By Andy Mannix
By Caleb Hannan
By Olivia LaVecchia
By CP Staff
By Aaron Rupar
By Jacob Wheeler
By Olivia LaVecchia
By Aaron Rupar
After the last C chord has sounded and the vocalist has dropped his mic to the floor, kicked over the piano bench, smashed a guitar, ignited a tuba, and reneged on an earlier vow to "play all night"--after all that, there are a number of ways a musician can spend the rest of his evening. Hard drugs and sexual congress with strangers are perennial favorites, or so I'm led to believe by a distant relation who claims to have acquired carnal knowledge of an amplifier technician once on the payroll of the Ozark Mountain Daredevils. Negotiating to get paid early and hightailing it out of the shit-hole club is another option.
A standard post-show behavior among insecure musicians (all of them) is described in Semisonic drummer Jacob Slichter's memoir, So You Wanna Be a Rock & Roll Star, in which the timekeeper often plays third fiddle to his frontline bandmates: "As Dan and John were mobbed by fans, I'd calculate how many times I could walk through the crowd in search of flattery without looking like a guy walking through the crowd in search of flattery."
So you can do all of that. Or you can attempt to, as it were, seal the deal. Steve Martin used to do a bit at the end of his standup performances. "I'd like to thank each and every one of you," he'd say in an oozing showbiz voice, "Thank you thank you thank you thank you thank you thank you thank you thank you thank you thank you...."
Brandon Bagaason of the Twin Cities hip-hop group Big Quarters has just finished a set at downtown Chicago's Hot House. And now he's going up to everyone in the club, one by one, table by table, like he's running for office. Granted, it's not a huge crowd; there are about 60 people in the boho nightclub. But he doesn't sit down until he has met and held a proper conversation with all present. One of the guys he talks to later asks me if Big Quarters is big in Minneapolis. Not really, I tell him.
"Do you think they'll be successful?" he asks.
I think I have an answer to that question, but let's get to it later.
Compared to the fairly homogenous crowd present for a recent Big Quarters show at the Dinkytowner, the Hot House audience is black, white, brown. There's a gray-haired guy who generously saves me from being the oldest person in attendance. The gig pays well in the sense that it pays somewhat better than helping a friend move a sofa. To recoup expenses, Brandon and his younger brother Zach, who make up Big Quarters along with DJ assistance from Noam "the Drummer" Feisel, have CDs to sell. But they're giving them away. The club--a nonprofit--wanted to take a cut of the merchandise, but fuck that. And, truth be told, these guys are quick to give away their music anyway. Zach works at an after-school program and he's always handing out his CDs as prizes.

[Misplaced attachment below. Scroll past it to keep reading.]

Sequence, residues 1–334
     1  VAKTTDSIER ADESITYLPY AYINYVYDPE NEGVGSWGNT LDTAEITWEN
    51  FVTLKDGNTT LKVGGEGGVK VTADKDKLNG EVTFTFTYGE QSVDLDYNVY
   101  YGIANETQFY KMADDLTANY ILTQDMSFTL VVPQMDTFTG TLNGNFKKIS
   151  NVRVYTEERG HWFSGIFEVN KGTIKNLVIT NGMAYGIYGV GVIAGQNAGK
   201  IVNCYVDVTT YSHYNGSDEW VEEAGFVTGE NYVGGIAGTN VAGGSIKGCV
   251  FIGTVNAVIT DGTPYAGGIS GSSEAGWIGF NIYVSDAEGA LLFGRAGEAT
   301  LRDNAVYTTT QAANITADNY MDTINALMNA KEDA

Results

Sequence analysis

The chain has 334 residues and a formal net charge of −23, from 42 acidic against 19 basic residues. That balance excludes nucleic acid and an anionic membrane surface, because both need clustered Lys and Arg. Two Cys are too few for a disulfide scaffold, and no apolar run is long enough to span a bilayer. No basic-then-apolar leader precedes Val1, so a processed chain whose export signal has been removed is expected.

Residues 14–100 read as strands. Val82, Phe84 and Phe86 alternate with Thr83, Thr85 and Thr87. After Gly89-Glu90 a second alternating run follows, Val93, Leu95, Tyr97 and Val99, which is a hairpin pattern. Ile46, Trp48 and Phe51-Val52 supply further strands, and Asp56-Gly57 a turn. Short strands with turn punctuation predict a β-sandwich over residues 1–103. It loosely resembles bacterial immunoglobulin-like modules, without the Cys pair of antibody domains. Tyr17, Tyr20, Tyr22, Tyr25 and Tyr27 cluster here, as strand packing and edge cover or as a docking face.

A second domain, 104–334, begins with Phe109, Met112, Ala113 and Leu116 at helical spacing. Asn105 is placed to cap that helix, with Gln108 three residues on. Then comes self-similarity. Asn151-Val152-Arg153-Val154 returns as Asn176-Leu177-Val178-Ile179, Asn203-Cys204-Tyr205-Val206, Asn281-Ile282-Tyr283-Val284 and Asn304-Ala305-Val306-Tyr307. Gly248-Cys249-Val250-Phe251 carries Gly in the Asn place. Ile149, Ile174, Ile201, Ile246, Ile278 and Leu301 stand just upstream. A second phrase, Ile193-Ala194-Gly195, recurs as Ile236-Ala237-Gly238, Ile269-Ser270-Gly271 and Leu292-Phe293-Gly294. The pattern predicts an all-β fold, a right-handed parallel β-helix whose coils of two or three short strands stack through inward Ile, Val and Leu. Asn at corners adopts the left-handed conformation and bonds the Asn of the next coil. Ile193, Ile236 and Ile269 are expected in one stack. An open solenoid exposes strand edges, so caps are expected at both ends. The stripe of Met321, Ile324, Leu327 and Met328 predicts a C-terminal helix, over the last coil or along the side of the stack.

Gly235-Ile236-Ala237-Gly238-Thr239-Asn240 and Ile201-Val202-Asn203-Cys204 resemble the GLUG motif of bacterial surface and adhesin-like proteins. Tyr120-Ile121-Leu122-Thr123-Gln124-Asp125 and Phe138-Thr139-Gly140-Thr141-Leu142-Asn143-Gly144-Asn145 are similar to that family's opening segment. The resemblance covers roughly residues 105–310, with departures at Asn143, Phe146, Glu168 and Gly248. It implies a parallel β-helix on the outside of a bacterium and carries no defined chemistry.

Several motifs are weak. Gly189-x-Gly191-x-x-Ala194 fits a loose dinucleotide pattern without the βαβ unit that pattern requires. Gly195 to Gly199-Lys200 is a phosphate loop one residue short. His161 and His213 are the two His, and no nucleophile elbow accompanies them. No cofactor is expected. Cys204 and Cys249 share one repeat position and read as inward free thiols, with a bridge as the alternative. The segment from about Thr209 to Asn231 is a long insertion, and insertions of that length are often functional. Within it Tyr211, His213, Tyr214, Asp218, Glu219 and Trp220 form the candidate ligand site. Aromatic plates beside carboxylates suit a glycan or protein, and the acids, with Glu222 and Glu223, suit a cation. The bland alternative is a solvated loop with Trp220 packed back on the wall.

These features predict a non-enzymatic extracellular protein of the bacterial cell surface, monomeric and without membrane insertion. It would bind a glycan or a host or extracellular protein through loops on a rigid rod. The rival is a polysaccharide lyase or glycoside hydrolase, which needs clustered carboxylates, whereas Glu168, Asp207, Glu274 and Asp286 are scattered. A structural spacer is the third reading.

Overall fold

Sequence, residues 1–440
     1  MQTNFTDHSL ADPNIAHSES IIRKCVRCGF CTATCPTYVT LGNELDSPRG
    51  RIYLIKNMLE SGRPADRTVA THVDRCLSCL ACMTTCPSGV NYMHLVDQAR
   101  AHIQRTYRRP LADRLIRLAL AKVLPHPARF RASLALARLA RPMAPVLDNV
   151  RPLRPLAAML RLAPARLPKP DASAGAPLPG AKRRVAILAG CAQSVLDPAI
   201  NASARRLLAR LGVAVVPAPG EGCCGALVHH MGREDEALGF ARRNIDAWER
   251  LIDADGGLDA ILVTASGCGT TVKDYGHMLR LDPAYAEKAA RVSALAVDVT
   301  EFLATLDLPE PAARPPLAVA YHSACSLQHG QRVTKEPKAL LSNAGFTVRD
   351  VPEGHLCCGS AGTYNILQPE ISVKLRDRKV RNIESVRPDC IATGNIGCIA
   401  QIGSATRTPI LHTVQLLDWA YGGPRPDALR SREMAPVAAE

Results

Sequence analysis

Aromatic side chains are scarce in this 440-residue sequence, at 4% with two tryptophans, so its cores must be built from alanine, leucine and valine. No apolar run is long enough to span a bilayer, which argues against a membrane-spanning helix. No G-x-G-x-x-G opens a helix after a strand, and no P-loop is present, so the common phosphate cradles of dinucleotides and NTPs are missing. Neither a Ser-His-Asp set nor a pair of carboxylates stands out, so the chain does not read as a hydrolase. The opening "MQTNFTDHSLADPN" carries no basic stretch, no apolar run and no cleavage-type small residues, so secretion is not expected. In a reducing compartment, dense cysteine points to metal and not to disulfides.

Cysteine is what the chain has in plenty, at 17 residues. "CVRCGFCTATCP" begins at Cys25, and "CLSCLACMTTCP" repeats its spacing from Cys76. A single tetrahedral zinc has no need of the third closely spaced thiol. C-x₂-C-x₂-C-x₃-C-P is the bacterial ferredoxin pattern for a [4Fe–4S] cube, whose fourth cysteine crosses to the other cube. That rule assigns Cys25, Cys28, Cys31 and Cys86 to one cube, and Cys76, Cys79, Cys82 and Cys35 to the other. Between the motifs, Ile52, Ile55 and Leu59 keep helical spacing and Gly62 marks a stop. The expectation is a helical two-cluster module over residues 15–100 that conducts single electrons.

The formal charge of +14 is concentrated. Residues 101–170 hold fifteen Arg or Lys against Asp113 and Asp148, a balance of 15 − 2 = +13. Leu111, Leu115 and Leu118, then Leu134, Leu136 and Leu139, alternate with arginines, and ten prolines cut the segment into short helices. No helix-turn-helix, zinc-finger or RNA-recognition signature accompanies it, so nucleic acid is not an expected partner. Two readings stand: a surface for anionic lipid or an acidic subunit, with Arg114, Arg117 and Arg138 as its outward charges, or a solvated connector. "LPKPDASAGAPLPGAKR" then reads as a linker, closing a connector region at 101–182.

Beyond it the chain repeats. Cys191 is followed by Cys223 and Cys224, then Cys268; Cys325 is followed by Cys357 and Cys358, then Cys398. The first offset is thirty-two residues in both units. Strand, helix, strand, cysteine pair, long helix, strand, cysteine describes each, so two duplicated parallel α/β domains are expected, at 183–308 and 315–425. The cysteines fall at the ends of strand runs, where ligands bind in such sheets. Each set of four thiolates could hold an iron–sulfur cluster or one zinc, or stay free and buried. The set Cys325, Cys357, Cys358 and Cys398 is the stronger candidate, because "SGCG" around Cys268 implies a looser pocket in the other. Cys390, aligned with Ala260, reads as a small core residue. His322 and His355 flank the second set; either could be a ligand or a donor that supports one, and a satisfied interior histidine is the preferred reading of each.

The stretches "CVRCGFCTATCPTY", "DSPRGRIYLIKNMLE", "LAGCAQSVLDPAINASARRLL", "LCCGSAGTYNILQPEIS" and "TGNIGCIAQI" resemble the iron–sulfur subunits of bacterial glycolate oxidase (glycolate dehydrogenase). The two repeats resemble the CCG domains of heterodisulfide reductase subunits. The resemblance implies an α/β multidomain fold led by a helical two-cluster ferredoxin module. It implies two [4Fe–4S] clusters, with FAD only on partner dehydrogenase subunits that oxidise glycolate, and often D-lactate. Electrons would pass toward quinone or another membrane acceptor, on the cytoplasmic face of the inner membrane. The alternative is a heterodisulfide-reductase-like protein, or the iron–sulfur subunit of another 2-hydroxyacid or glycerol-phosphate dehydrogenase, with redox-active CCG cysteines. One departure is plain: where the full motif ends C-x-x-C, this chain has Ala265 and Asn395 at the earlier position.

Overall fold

"I just think of all the music that's out there for free, on the radio," he says, "and the effect it has on kids who might not be aware of other music. Often the kids that don't get this music are the ones that need it the most."
Brandon puts it like this: "Our music is good and we think people will like it if they just give it a chance."
And he's right. Tonight, a Tuesday, Big Quarters have won over a rather cool Hot House. For a more or less unknown act on the road, the only thing a Tuesday night gig has to brag about is that it's not a Monday night gig. Brandon and Zach have a few supporters on hand, including Tim Budoff, an old friend from Schaumburg, Illinois, where the brothers went to grade school. They were nine and eleven when their family moved to Minnesota, and Tim doesn't like to come into the city. Which suggests something I'm starting to feel myself: These guys inspire loyalty.
During the first act's bland performance, it seemed that Carl Sandburg had gotten it wrong, Chicago is the City of the Big Shrugging Shoulders. Fixing that torpor would be the job of a 15-man posse, which is 12 people more than Big Quarters can muster.
"We're Big Quarters from Minneapolis," Zach announces from the stage. "We make beats and we rap; it's not that impressive."
But it is! Noam, tall, bespectacled and shall we say not ungeeky behind the turntables, cues "Lou Diamond," a new song produced by Zach. The track starts with Zach playing the recorder, which I've always taken for a bush-league instrument, but he makes it sound cool, and then the beat comes in. It's hard, spare, scratchy, a monstrous horn sample dropping each time on the one. As kids, Brandon and Zach listened to a lot of Wu-Tang Clan, Cypress Hill, and Pete Rock, which shows in their lean, sample-based beats, history-minded but adventurous.
At one point, a convert starts breakdancing, which accentuates the back-to-basics sound. Another new song, "Beacons," is slow, nasty, and bluesy. "Along Came Polly" is bouncy and good-humored, with a sing-along chorus on which Brandon's performance seems indebted to the underrated vocal stylings of the Cookie Monster. Unlike some producers who also rap, Big Quarters can really flow, so maybe they're rappers who also produce.
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